The main benefit of an ISA is you can save, or invest money, without paying income tax on any earned interest, or capital gains tax.
In the current tax year, you can save up to £20,000 in an ISA. This limit is set by the Government and can change from one financial year to another.
You don't have to declare interest earned or capital gains on savings, or investments, up to that amount on your tax return, so it's tax free. But keep in mind, these rules may be subject to change in the future.
Cash ISAs work like other savings accounts, with the added bonus of being tax efficient. You can choose from:
Interest rates will vary depending on the bank, or building society, you choose.
These enable you to make investments without having to pay income tax, or capital gains tax, on any profits made.
Stocks & shares ISAs give you the potential to earn a greater rate of interest than other savings. But it’s important to remember the value of investments can fall as well as rise and you may not get back what you invested. They should also be considered a medium- to long-term commitment, so you should be prepared to hold them for at least 5 years.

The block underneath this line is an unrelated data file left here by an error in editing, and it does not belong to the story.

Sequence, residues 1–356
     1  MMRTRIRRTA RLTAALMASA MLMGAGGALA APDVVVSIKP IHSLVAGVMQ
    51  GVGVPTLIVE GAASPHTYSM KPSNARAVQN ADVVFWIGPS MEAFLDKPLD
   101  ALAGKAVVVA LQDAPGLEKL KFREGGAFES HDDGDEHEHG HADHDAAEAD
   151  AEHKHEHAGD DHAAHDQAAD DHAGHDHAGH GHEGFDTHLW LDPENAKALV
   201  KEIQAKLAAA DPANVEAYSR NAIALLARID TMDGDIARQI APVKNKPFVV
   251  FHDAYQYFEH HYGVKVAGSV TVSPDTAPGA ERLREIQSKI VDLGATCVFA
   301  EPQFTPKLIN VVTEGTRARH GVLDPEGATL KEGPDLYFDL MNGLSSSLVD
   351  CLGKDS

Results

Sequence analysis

These are designed to help you save for your first home, or for later life. You can hold both cash and investments within them. They're available for people aged under 40 and you can save up to £4,000 a year, up until the age of 50.
The Government will top up your savings, adding 25% up to a maximum of £1,000 each year. You'll pay a 25% charge to withdraw from this type of ISA unless you use it to buy your first home, or you're aged 60 or over.
HSBC doesn't currently offer lifetime ISAs.
This is an ISA that contains peer-to-peer loans instead of cash, or stocks and shares.
HSBC doesn't currently offer innovative finances ISAs.
You can have multiple ISAs in the same tax year, but not more than one of the same type. For example, you could put £10,000 in a cash ISA and £10,000 in a stocks & shares ISA, but you couldn’t spread that money across two different cash ISAs.
The value of an ISA can be passed on to your spouse, or civil partner, tax-efficiently if you pass away. This isn't the case with an ordinary savings account. For this to take place, the Government requires you:
You can save into one type of ISA, or in some cases spread your ISA allowance across several types. Regardless of what type of savings account you choose, saving can help you manage your finances. See some tips on how to boost your savings balance.